In Richard Kelly's controversial cult classic, Donnie Darko, the characters are isolated, confused and many are unable to cope with reality. The film presents a potentially disturbing portrait of human existence in terms of a dual reality. The interpersonal relationships displayed in the film are complex and present a disconcerting view on such relations between people. The characters in the film all share this inner confusion and inability to cope, and yet, on the outside, they are all different and appear to be handling their situation in different ways.
The main character in the film is Donnie Darko himself. Donnie does not fit into the middle class, conservative community that he has been bought up in. He appears to be the epitome of everything that the people of his community are not. Donnie feels isolated from this seeing himself as an outsider, highly intelligent and provocative at school. Donnie is alone and sometimes disoriented in his daily existence until he meets both Frank, a six foot man dressed in a Halloween rabbit costume, and Gretchen, a new girl at school with a broken family whom he befriends. These two relationships are founded on need and mental confusion. Frank the rabbit is also Donnie's sister's boyfriend but in two different times, Frank before and after his death. Donnie's uniqueness can sometimes be explained by his referred mental condition, that is he hallucinates the image of Frank dressed in his Halloween costume. Donnie is coerced by Frank to carry out destructive behaviour, such as flooding the school and burning down Jim Cunningham's house. Donnie is also led by Frank to the conclusion that a parallel universe exists in which Donnie has a significant part to play in determining the outcome back in the original universe; Donnie can choose to save himself, or to save the one he loves, Gretchen.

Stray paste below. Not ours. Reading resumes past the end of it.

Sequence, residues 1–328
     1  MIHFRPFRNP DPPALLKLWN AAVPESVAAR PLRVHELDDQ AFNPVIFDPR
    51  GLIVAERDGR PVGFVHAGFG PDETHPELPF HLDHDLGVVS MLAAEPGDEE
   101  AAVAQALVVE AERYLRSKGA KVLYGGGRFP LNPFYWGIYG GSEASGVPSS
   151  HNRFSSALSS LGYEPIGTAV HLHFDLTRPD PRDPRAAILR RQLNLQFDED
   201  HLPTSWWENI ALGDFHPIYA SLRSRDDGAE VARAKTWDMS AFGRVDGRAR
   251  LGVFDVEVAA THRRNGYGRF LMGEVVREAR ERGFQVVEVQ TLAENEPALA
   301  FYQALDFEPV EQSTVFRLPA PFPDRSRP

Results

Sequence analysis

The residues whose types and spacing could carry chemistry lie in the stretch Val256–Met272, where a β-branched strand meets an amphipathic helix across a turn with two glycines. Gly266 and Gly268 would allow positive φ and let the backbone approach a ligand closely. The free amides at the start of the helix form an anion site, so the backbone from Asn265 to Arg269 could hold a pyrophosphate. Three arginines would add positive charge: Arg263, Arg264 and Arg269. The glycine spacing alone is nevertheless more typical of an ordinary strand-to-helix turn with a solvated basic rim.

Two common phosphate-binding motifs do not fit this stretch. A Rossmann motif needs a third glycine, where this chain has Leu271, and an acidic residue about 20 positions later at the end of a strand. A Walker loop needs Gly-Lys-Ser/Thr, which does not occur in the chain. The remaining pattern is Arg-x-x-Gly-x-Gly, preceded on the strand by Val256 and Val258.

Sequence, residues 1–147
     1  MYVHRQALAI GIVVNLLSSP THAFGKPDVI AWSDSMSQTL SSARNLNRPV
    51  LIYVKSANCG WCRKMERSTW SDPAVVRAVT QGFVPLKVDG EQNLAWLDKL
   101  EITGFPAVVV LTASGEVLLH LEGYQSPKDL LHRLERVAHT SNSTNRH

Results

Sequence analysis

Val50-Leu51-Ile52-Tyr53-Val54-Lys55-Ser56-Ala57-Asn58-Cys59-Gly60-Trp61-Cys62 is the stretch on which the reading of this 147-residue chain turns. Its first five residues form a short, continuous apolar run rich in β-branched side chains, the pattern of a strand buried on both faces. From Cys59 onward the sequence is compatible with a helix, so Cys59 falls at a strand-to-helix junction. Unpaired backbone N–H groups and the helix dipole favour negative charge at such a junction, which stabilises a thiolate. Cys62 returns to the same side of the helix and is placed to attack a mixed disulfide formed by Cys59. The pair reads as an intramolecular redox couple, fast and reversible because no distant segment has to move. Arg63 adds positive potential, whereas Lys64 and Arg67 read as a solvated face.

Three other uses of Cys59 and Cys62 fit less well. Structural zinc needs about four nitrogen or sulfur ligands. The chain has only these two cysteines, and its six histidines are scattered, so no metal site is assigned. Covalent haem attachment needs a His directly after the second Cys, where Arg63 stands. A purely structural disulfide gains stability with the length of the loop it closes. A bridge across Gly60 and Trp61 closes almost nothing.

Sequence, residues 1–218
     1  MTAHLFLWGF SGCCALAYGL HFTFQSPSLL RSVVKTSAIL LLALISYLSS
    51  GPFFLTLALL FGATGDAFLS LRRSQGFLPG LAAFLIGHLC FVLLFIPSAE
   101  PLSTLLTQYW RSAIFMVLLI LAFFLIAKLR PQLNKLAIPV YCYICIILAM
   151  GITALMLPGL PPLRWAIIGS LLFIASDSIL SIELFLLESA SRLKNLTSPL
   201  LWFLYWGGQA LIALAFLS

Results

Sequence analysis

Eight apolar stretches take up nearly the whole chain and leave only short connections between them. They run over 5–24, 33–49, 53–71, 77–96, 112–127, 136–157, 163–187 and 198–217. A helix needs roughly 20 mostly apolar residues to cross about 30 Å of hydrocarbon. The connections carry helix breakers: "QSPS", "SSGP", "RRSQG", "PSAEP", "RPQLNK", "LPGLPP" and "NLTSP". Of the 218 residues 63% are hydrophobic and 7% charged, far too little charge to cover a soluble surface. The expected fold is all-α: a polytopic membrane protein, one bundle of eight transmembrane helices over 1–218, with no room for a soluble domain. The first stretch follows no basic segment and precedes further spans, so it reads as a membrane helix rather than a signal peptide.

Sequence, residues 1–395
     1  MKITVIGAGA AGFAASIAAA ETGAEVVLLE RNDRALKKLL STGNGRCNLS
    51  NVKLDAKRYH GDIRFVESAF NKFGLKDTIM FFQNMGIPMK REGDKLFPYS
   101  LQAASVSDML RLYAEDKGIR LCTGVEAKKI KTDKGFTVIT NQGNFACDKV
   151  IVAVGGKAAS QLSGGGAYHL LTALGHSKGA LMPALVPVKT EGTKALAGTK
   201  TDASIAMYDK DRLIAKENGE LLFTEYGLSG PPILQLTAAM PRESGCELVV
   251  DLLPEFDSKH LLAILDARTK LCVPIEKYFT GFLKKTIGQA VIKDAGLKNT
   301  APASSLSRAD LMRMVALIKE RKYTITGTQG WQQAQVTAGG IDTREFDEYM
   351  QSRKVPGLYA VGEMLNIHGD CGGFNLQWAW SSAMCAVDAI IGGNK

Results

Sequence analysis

Gretchen is Donnie's normality; she is a simple character who accepts Donnie despite his obvious differences to other boys at...
Please join StudyMode to read the full document